of foreign investors in Vietnam. As I mentioned in my testimony,
it has only been 6 months that the United States has extended
NTR status. We are still behind the curve on the economic normal-
ization process. We are catching up, but we have had a much slow-
er start than other countries in the region and I think our numbers
show that.
The U.S.the companies who have been there now for some time
have turned the corner in terms of profits and are looking at their
second and third generations of investment. So, I think the United
States is beginning to move up in the process.
Chairman CRANE. Thank you. Anyone else want to add any-
thing to that?
If not, second question: Where has Vietnam been most successful
in implementing the Bilateral Trade Agreement, and where is more
work required? What are your priorities?
Ms. FOOTE. I could start that one.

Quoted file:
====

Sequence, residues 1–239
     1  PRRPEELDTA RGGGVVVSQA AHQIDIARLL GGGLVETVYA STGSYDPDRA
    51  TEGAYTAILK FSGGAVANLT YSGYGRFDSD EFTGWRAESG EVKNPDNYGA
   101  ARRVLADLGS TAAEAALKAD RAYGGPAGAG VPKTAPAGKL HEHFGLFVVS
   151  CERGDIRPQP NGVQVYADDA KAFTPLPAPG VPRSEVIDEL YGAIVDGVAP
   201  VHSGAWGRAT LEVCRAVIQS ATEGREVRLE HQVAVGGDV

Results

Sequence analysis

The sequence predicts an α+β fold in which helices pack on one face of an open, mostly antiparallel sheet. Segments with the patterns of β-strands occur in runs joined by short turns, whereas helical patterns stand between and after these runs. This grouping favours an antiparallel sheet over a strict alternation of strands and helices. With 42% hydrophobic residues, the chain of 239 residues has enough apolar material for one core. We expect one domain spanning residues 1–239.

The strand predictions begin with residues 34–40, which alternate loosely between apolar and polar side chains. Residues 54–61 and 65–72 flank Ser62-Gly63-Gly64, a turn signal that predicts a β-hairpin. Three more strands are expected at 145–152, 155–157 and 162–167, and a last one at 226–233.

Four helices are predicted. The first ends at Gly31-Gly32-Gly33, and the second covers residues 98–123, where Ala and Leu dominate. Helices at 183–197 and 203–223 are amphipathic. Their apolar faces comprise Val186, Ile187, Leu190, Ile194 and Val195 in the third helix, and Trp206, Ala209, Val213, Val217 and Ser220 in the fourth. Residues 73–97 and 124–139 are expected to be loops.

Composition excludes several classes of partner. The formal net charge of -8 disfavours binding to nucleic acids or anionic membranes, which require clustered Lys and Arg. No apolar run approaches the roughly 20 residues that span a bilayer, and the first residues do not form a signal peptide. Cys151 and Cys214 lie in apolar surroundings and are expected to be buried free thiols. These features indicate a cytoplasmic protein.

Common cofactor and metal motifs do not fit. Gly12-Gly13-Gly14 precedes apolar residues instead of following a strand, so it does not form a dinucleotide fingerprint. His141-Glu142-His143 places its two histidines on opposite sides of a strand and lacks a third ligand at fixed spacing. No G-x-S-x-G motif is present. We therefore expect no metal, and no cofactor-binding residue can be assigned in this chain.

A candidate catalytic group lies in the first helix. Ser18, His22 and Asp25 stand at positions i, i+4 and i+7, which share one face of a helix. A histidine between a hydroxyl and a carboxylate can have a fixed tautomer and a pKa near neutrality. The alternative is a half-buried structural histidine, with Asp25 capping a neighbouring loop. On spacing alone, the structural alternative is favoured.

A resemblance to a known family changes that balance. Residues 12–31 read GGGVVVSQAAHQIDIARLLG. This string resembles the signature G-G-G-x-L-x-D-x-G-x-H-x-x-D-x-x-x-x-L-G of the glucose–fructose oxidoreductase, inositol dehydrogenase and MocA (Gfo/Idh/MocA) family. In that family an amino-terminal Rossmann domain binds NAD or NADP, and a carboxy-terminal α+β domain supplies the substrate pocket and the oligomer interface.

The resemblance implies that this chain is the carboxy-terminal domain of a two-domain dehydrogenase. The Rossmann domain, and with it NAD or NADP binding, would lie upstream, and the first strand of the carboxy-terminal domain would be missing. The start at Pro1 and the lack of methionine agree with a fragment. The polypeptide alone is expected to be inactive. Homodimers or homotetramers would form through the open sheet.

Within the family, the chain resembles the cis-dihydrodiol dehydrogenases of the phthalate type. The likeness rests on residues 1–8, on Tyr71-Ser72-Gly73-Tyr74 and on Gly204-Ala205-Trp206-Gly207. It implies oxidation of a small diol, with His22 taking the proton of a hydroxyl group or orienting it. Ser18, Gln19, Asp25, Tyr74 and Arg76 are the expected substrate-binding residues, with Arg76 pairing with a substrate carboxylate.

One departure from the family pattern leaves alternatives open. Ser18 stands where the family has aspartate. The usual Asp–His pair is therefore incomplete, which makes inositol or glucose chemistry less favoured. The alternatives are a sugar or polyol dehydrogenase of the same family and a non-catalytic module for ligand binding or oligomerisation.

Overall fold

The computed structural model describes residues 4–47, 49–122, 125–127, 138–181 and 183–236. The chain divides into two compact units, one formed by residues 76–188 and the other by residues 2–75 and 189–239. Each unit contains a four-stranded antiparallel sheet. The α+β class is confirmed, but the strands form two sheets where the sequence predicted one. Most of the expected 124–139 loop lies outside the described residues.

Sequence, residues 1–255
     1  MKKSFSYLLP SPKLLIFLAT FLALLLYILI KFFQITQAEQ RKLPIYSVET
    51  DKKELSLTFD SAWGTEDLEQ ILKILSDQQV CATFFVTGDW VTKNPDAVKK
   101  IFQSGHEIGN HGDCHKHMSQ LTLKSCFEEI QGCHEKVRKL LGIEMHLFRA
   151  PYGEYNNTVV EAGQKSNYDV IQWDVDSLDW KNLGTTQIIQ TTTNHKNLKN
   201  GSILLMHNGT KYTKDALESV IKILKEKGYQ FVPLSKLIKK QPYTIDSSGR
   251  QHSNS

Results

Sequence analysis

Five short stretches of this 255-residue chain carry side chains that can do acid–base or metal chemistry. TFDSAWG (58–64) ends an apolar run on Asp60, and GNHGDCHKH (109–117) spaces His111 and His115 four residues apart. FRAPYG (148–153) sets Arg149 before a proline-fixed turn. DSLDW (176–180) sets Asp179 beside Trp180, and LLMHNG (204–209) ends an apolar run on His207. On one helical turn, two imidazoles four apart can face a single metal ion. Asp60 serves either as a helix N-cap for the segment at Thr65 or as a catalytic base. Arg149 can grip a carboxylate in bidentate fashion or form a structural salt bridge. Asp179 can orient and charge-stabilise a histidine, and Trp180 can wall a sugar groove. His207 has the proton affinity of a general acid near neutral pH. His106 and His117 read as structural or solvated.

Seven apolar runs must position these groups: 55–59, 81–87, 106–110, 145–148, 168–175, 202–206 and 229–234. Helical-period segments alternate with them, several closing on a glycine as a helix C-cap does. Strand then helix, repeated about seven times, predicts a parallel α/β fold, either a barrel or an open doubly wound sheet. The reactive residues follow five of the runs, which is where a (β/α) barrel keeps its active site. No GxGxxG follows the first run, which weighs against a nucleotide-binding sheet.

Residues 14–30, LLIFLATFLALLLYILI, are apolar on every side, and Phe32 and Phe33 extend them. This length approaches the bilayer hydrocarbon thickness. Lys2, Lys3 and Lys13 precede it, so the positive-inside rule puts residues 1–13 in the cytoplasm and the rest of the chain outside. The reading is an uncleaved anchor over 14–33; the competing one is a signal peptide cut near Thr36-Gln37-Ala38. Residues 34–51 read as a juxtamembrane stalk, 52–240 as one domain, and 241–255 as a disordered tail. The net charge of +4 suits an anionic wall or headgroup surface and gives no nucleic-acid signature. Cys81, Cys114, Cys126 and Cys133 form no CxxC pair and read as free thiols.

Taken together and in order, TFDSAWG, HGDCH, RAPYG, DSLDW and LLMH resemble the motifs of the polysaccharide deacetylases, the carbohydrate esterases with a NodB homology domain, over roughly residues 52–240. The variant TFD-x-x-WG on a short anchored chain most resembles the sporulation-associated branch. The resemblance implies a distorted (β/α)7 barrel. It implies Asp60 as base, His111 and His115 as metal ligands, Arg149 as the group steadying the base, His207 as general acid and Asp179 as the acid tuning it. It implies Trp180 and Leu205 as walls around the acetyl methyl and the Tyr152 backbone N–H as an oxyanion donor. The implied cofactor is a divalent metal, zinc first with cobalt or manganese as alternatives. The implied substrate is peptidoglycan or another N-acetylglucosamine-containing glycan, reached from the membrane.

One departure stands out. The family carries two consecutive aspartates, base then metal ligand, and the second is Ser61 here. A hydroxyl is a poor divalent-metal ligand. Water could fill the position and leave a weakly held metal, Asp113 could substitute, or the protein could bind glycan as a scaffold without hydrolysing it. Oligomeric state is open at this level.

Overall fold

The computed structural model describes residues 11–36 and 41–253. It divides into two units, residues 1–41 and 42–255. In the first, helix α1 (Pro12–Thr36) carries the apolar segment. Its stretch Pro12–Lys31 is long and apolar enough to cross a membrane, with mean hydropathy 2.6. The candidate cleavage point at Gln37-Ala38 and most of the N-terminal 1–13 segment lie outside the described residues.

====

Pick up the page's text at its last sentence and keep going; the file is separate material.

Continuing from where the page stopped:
Chairman CRANE. Ladies first.
Ms. FOOTE. One of maybe the model programs has been in the
area of insurance technical assistance. We just last week had an
insurance program in Hanoi that New York Life, ACE, and the
American International Group (AIG) with the Department of Com-
merce and the Trade Council worked on. There are four chapters
of the trade agreements, and different ministries are involved in
different chapters. Things get phased in over time. I think probably
the most technically difficult would be the intellectual rights chap-
ter. The investment chapter is pretty straightforward and the rules
and regulations are being implemented right now.
Chairman CRANE. You raised a question there. Let me follow up
on that. Vietnam has one of the worst records on protecting intel-
lectual property rights. What specific steps have they taken to im-
prove IPR enforcement?
Ms. FOOTE. They have been very involved in some of the U.S.
Government programs. We have been able to facilitate bringing Vi-
etnamese officials to the United States and other programs. The
drafting of the law and the writing of the regulation I think is